October 9, 2017 (JUBA) – The Centre for Peace and Justice (CPJ) has urged the United Nations Security Council and the United States government to impose sanctions on South Sudan President Salva Kiir and First Vice President, Taban Deng Gai for allegedly instigating the violence that has blocked peace in the country.
In an interview with Sudan Tribune, CPJ’s coordinator Tito Anthony claimed President Kiir used Gai, a former rebel chief negotiator, to create instability by failing to implement the 2015 peace accord.
“The reason why president Kiir is to be sanctioned, it’s because he is using Taban Deng to fight the war on behalf of the government and Taban Deng will claim that it is his troop that are fighting with Riek Machar forces, not only that, but, the president is also supplying Taban Deng Gai with ammunition to fight the war and that is destruction,” Tito said on Monday.
He claimed Gai created the mess in the country and blocked the peace dividends, which allegedly makes him liable for sanctions.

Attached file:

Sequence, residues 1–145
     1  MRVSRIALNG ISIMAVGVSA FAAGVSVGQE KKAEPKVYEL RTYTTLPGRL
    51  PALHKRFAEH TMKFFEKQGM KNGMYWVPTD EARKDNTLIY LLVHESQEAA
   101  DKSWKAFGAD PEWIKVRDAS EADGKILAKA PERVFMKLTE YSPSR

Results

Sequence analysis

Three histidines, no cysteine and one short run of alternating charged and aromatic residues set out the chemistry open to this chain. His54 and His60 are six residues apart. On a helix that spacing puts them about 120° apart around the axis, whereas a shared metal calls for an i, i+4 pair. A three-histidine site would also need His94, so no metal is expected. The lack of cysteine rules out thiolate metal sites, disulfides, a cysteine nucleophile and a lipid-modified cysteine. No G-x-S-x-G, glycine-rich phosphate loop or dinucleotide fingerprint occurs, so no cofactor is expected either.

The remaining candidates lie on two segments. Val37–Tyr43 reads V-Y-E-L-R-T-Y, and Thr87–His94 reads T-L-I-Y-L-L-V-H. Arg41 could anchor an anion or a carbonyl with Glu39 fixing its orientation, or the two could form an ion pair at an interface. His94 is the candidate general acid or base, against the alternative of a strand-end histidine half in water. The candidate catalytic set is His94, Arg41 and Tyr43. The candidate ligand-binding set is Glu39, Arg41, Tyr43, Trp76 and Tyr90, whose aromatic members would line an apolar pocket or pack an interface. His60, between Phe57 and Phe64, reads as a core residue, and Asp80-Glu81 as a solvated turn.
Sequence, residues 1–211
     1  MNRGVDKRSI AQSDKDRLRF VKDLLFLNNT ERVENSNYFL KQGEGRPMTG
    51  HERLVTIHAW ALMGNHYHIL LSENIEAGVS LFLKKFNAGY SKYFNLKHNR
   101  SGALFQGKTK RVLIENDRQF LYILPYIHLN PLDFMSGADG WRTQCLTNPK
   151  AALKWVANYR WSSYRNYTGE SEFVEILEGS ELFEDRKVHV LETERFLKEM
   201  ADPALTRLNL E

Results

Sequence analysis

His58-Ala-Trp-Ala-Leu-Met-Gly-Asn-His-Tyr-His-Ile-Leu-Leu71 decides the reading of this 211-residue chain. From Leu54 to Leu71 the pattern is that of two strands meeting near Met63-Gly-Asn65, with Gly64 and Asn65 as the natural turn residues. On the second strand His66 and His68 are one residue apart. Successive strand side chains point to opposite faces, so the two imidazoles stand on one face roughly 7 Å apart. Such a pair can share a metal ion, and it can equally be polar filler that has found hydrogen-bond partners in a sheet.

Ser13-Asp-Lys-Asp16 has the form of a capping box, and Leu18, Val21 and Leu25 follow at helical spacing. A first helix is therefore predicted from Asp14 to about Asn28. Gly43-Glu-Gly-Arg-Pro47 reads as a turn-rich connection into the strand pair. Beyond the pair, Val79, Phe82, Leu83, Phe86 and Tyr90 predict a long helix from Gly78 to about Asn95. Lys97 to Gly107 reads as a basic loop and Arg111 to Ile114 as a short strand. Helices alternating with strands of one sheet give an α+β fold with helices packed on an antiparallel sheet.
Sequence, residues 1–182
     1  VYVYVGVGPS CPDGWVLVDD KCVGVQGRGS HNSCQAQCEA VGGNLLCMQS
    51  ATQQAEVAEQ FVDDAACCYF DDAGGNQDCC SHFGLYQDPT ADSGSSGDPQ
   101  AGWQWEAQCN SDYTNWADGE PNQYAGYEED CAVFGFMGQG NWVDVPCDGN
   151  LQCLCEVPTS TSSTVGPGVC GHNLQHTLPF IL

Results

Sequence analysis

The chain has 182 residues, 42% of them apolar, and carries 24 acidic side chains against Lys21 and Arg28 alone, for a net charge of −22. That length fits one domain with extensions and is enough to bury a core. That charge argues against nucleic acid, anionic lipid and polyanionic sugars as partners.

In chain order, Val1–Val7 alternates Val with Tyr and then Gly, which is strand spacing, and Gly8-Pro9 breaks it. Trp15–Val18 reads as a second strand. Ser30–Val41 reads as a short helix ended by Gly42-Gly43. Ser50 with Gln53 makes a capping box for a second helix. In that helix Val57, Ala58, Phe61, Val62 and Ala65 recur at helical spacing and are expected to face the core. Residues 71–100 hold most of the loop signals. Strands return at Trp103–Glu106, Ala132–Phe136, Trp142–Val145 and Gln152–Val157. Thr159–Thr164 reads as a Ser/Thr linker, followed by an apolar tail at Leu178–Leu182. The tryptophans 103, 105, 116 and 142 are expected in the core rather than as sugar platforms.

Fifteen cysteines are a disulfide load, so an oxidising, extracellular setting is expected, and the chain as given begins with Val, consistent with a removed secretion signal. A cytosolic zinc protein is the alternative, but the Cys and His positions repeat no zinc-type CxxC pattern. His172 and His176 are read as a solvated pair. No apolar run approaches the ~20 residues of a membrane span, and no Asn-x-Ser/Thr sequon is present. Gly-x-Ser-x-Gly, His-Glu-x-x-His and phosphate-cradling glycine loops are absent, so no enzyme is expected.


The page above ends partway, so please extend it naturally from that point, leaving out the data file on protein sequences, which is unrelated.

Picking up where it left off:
“Taban must be sanctioned because the world is now planning on how to end this conflict and yet Taban Deng is sending his troops to go and fight in Pagak and Bieh state”, stressed the CPJ coordinator.
The official said President Kiir and his First Vice President, who both serve in the coalition government, must take responsibility for the massive destruction caused in the country as a result of the civil war.
“The implications are not only [about] sanctions, but one day they [Kiir and Gai] must face the court of law for their conspiracy against the people of South Sudan,” Tito further told Sudan Tribune.
Last month, the US government placed sanctions on three close associates of South Sudan’s president, saying they had personally profited from a climate of corruption in a government that has been called a kleptocracy.
The US Treasury Department imposed sanctions on Gen. Malek Reuben Riak Rengu, the army’s deputy chief of staff in charge of military procurement; and Michael Makuei Lueth, South Sudan’s information minister. In addition, sanctions were placed on Paul Malong Awan, who was chief of staff of the South Sudan People’s Liberation Army until President Salva Kiir fired him in May.
Three companies owned or controlled by Riak also were sanctioned.
The Treasury Department said the sanctions were in response to the deteriorating humanitarian situation in South Sudan and the role of officials in undermining stability and peace